Review/Summary: How to Win Friends and Influence People | Book


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How to Win Friends and Influence People Summary: When I meet a person, and he tells me he plays the violin, I become fascinated. The first thing I want to do is hear him play.

When I meet a person, and he tells me he’s a painter, I instantly want to see his paintings. I want to ask him about what he paints, what his lifestyle is like. I want to ask him why my paintings look like I’m five years old.

If I meet a doctor, I instantly want him to tell me his craziest patient stories. I want to know what his schedule is like. I want to know how that affects his family.

But was I always like this? NO!
How to Win Friends and Influence People Review and Summary

How to Win Friends and Influence People Review: I used to be interested in only one sport, one instrument, one profession, one everything. And it was obviously the one thing that I did. If I didn’t do something, it couldn’t possibly have value or be interesting to me. I would sit there and pretend I was listening when all I really did was think about the things I was going to say when the other person was done. And once the person was done, I would unload all my really interesting and important stuff onto them.

If your social interactions suffer, one of the biggest reasons might be this.

Lesson 1: You need to become genuinely interested in other people

By doing this, you will create a beautiful variety in your life, and also have great social experiences because you won’t be sitting there creepily excited about what you’re going to say when the person is done talking.

Lesson 2: The second important lesson I want to talk about is the importance of remembering that a man’s name is to him the sweetest and most important sound in any language

I used to meet people, and I was so concerned about all the social pressures and expectations, that I would miss the most important part. And that part is when the person tells you his name. I would hear it, but in about 30 seconds I would realize I had no idea what that person’s name was. Not only did that make my interactions awkward, but it also made me unable to connect with people on a deeper level. And unless you have some kind of flawless memory, you probably identify with this. So what I started doing was not only focusing using on the name more but using an effective technique.

When the person says, “Hey, my name is Bill.” Instead of saying, “Nice to meet you,” try saying, “Nice to meet you, Bill.” You have just repeated his name back to him, and that helps tremendously with actually remembering the person’s name. You will also start to notice that people feel more connected to you and respond better when you use their name, and it is because a man’s name is to him the sweetest and most important sound in any language.

Now, the following story from 'Dale Carnegie books' combines two important lessons:

Lesson 3: If you are wrong, admit it quickly and emphatically

Lesson 4: Make the other person feel important—and do it sincerely

"How to Win Friends and Influence People Review" Continuation- 

A few years ago, I went out with my friends, and by the end of the night they were all drunk, and I was driving them back. They are all yelling and screaming the whole way, and suddenly they all decide they are hungry and want Taco Bell. So I take the exit on the highway, and I have no idea where I am, it’s 3 AM in the morning, and I see I’m going the wrong way and need to turn around. All of a sudden I have to make a split-second decision, I’m about to turn around, but then I see the no turnaround sign. I still turn around. I drive to Taco Bell, and as I approach to order, I see police lights in the rear mirror.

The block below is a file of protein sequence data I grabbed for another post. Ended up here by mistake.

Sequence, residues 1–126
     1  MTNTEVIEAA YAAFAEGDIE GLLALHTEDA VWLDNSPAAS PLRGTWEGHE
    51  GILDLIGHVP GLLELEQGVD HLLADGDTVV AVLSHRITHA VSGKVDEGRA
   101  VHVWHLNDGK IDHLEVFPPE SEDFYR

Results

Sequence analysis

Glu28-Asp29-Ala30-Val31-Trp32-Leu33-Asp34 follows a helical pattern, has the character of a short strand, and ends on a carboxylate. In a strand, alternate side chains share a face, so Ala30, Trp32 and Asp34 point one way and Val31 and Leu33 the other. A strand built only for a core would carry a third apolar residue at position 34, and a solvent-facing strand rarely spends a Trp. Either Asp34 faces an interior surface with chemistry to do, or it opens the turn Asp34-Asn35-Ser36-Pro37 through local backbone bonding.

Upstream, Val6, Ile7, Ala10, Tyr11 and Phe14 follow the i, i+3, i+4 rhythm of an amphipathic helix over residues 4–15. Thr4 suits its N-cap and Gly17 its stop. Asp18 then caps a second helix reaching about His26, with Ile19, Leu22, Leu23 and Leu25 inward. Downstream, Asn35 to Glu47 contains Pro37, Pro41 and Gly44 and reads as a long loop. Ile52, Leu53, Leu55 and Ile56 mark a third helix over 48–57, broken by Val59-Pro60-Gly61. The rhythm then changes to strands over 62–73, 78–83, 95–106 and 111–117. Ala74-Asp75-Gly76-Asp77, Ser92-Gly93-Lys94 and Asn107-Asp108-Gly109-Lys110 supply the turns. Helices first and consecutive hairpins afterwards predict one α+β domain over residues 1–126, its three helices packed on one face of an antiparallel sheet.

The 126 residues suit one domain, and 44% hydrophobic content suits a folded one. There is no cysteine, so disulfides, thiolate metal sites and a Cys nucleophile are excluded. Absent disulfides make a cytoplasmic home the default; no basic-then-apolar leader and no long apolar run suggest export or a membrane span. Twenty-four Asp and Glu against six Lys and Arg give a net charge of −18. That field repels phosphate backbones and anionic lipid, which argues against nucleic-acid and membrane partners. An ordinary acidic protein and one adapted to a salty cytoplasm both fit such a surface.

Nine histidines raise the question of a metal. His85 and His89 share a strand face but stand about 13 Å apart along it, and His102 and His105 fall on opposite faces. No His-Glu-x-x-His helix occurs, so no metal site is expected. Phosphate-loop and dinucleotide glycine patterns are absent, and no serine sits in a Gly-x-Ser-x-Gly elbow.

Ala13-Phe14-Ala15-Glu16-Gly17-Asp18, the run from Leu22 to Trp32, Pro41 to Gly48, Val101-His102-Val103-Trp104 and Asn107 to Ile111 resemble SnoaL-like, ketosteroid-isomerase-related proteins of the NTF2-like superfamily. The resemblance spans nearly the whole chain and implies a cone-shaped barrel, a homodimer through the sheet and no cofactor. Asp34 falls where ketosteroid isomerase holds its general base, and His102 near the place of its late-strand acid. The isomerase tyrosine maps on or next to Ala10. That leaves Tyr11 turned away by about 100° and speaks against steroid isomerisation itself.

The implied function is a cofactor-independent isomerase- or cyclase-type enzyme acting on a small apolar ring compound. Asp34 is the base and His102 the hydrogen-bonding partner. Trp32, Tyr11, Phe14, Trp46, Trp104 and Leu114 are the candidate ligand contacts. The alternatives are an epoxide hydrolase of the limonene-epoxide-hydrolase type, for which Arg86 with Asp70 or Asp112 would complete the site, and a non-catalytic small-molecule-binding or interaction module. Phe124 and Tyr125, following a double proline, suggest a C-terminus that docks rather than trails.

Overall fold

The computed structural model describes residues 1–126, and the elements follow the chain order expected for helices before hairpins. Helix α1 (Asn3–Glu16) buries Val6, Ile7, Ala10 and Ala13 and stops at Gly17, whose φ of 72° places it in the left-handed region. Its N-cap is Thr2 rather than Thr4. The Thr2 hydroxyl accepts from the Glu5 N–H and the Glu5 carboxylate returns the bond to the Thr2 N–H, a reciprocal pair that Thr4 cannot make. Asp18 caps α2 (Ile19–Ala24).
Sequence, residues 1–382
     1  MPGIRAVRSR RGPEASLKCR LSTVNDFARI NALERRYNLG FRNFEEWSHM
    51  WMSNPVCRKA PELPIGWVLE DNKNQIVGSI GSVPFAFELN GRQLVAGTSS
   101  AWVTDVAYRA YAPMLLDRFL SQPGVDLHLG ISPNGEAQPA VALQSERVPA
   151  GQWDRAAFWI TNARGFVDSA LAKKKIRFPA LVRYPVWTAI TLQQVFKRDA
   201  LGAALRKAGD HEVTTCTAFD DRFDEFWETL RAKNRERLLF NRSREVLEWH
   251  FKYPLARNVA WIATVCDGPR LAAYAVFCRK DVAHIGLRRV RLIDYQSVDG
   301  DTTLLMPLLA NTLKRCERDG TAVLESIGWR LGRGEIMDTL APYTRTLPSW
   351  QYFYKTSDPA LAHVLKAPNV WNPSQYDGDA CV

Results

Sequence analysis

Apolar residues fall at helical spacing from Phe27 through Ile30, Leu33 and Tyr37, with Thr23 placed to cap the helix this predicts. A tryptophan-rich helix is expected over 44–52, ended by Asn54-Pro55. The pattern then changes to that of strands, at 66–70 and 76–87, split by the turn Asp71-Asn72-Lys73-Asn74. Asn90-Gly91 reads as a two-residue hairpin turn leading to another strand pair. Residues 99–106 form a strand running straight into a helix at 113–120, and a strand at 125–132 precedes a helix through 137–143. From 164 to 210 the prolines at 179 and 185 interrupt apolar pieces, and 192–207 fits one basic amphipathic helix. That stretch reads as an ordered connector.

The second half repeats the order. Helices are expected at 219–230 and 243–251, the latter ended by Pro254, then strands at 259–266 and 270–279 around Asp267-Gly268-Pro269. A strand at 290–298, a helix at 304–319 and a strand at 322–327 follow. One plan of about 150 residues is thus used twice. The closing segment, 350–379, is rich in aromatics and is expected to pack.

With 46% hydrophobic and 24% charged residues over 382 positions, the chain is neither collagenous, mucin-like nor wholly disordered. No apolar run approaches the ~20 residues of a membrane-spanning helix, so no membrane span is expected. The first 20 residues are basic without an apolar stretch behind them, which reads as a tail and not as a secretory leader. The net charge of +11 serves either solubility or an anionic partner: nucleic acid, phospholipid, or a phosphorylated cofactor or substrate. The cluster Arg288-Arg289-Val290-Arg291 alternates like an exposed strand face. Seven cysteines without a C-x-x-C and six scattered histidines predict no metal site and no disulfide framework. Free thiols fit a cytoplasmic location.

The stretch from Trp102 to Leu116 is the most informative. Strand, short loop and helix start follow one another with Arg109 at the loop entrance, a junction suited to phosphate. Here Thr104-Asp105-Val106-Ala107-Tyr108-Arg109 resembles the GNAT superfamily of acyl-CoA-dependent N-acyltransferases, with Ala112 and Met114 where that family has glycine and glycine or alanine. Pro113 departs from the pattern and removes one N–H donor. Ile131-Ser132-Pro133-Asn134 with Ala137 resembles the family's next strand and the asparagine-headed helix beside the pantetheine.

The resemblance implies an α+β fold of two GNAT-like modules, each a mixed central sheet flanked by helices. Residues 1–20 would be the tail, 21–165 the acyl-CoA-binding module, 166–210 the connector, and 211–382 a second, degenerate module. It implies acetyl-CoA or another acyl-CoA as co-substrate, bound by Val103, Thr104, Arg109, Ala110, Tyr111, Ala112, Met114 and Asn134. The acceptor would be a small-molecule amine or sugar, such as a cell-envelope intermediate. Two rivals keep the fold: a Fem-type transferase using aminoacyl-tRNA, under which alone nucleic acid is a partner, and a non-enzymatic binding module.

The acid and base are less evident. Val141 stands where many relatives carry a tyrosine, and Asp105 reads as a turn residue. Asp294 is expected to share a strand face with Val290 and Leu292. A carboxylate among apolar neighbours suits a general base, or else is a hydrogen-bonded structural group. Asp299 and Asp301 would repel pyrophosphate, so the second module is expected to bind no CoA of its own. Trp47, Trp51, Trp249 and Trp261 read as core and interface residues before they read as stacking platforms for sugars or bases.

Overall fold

The policeman comes up and says, “Hey, how are you doing tonight?” And I said, “I’m doing well, sir, how are you?” He says, “I’m doing well, too,” and asks me if I know why he pulled me over. Now, in the next second, my social conditioning kicks in. I want to say no. I want to say I didn’t know where I was. I want to say it’s really late; there are no cars around anyway. I want to say I didn’t see the sign. I want to say I’m being responsible, and my friends are creating all this chaos in the car, and I couldn’t think straight.

Once that second is up, however, Carnegie’s principles kick in, and I say, “Yes, sir. I turned even though I saw the no turnaround sign. I panicked and made a poor decision.” As I said this, his face changed completely. It looked so confused like he had never heard anything like this before. After some silence, I said, “I know I made a mistake and I’m willing to face the consequences for it. Thank you for doing your job.” And he kept looking back in confusion and amazement, then smiled as he had never been that happy in his entire life and said this while he handed me my driver’s license, “Thank you for being responsible and taking care of these guys, and I hope you have a good night.”

Now some people might hear this and say, “Okay, you admitted you were wrong. Good. You made him feel important. Good. But you weren’t being genuine.” And look, could I have pulled this off without being genuine? Possibly. But I do really appreciate that policeman doing his job. I really do. I appreciate him just like I would appreciate him if he pulled over a huge SUV with a bunch of drunk guys in it before they crashed into my girlfriend’s car and killed her while she’s driving on her way home.


These are the four essential lessons from "How to Win Friends and Influence People Summary"-

1. You need to become genuinely interested in other people.

2. Remember that a man’s name is to him the sweetest and most important sound in any language.

3. If you are wrong, admit it quickly and emphatically.

4. Make the other person feel important—and do it sincerely.